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   Chapter 31 PART I. No.31

The History of London By Walter Besant Characters: 5323

Updated: 2017-12-01 00:04

Let us walk into the streets. You will not observe, because you are used to these things, and have been brought up among them, and are accustomed to them, that all the men go about unarmed: that they do not carry even a stick for their protection: that they do not fight or quarrel with each other: that the strong do not knock down the weak but patiently wait for them and make room for them: that ladies walk about with no protection or escort: that things are exposed for sale with no other guard than a boy or a girl: that most valuable articles are hung up behind a thin pane of glass. You will further observe men in blue-you call them policemen-who stroll about in a leisurely manner looking on and taking no part in the bustle. What do these policemen do? In the roads the vehicles do not run into one another, but follow in rank and order, those going one way taking their own side. Everybody is orderly. Everything is arranged and disposed as if there was no such thing as violence, crime, or disorder. You think it has always been so? Nay: order in human affairs does not grow of its own accord. Disorder, if you please, grows like the weeds of the hedge side-but not order.

Again, you always find the shops well provided and filled with goods. There are the food shops-those which offer meat, bread, fruit, vegetables, coffee, tea, sugar, butter, cheese. These shops are always full of these things. There is never a day in the whole year when the supply runs short. You think all these things come of their own accord? Not so: they come because their growth, importation, carriage, and distribution are so ordered by experience that has accumulated for centuries that there shall be no failure in the supply.

Again, you find every kind of business and occupation carried on without hindrance. Nobody prevents a man from working at his trade; or from selling what he has made. One workman does not molest another though he is a rival. You think, perhaps, that this peacefulness has come by chance? Nay: strife comes to men left without rule-but not peace.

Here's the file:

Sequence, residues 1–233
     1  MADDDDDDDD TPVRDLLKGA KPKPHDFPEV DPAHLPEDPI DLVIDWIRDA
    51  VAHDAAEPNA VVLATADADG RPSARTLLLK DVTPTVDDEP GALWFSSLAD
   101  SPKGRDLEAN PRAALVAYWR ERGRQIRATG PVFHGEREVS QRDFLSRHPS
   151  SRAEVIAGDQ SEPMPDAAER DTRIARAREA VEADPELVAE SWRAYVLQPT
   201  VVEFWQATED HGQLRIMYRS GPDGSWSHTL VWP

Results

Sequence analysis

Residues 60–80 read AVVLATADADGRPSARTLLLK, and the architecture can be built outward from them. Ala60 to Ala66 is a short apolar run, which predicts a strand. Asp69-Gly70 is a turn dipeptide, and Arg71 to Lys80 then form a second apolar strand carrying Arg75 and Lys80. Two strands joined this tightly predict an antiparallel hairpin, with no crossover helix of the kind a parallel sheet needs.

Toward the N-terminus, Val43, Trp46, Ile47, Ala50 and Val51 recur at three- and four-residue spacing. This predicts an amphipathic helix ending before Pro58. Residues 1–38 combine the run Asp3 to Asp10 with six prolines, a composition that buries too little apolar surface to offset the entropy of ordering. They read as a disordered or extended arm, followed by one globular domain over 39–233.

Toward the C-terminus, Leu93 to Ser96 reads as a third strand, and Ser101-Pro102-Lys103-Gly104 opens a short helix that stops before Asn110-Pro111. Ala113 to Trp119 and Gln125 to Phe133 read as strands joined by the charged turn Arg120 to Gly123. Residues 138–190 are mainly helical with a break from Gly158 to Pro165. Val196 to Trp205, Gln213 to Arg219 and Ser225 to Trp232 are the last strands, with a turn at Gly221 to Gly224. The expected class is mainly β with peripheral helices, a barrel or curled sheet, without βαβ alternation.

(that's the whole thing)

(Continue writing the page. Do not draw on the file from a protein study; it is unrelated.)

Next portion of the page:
You may observe further, that the streets are paved with broad stones convenient for walking and easy to be kept clean: that the roadways are asphalted or paved with wood, and are also clean: things that must be thrown away are not thrown into the streets: they are collected in carts and carried away. You think that the streets of cities are kept clean by the rain? Not so: if we had only the rain as a scavenger we should be in a sorry plight.

You find that water is laid on in every house. How does that water come? That gas lights up houses and streets. How does the gas come?

That drains carry off the rain and the liquid refuse. How did the drains come?

You may see as you go along a man who walks from house to house delivering letters. Does he do this of his own accord? You know very well that he does not; that he is paid to do it: that he does his duty. What is the whole of his duty? Who gives him his orders?

Or you may see another man going from house to house leaving a paper at each. He is a rate collector. What is a rate collector? Who gives him authority to take money from people? What does he do with the money?

Or you may see placards on the walls asking people to vote for this man, or for that man, for the School Board, the County Council, the House of Commons, or the Vestry. Why does this man want to get elected to one of those Councils? What will he do when he is elected? What are all these Councils for?

Again, the thing has never been otherwise in your recollection and you therefore do not observe it, but if you listen you will find that men talk with the greatest freedom as they walk with their friends: no one interferes with their conversation, no one interferes with their dress, no one asks them what they want or where they are going. Did this personal freedom always exist? Certainly not, for personal freedom does not grow of its own accord.

You will also observe, as you walk along, churches-in every street, a church-of all denominations: you will find posted on the walls notices of public meetings for discussion or for lectures and addresses on every conceivable topic: you will see boys crying newspapers in which all subjects are treated with the utmost freedom. You suppose, perhaps, that freedom of thought, of speech, of discussion, of writing comes to a community like the rain and the wind? Not so. Slavery comes to a community if you please, but not freedom. That has to be achieved.

You have seen the city growing larger and wealthier: the people getting into finer houses, wider streets, and more settled ways. Now, there is a thing which goes with the advance of a people: it is good government. Unless with advance of wealth there comes improved government, the people fall into decay. But, which is a remarkable thing, good government can only continue or advance as the people themselves advance in wisdom as well as in wealth. Such government as we have now would have been useless in the time of King Ethelred or King Edward I. Such government as we have now would be impossible had not the citizens of London continued to learn the lessons in order, in good laws, in respect to law, which for generation after generation were submitted to the people.

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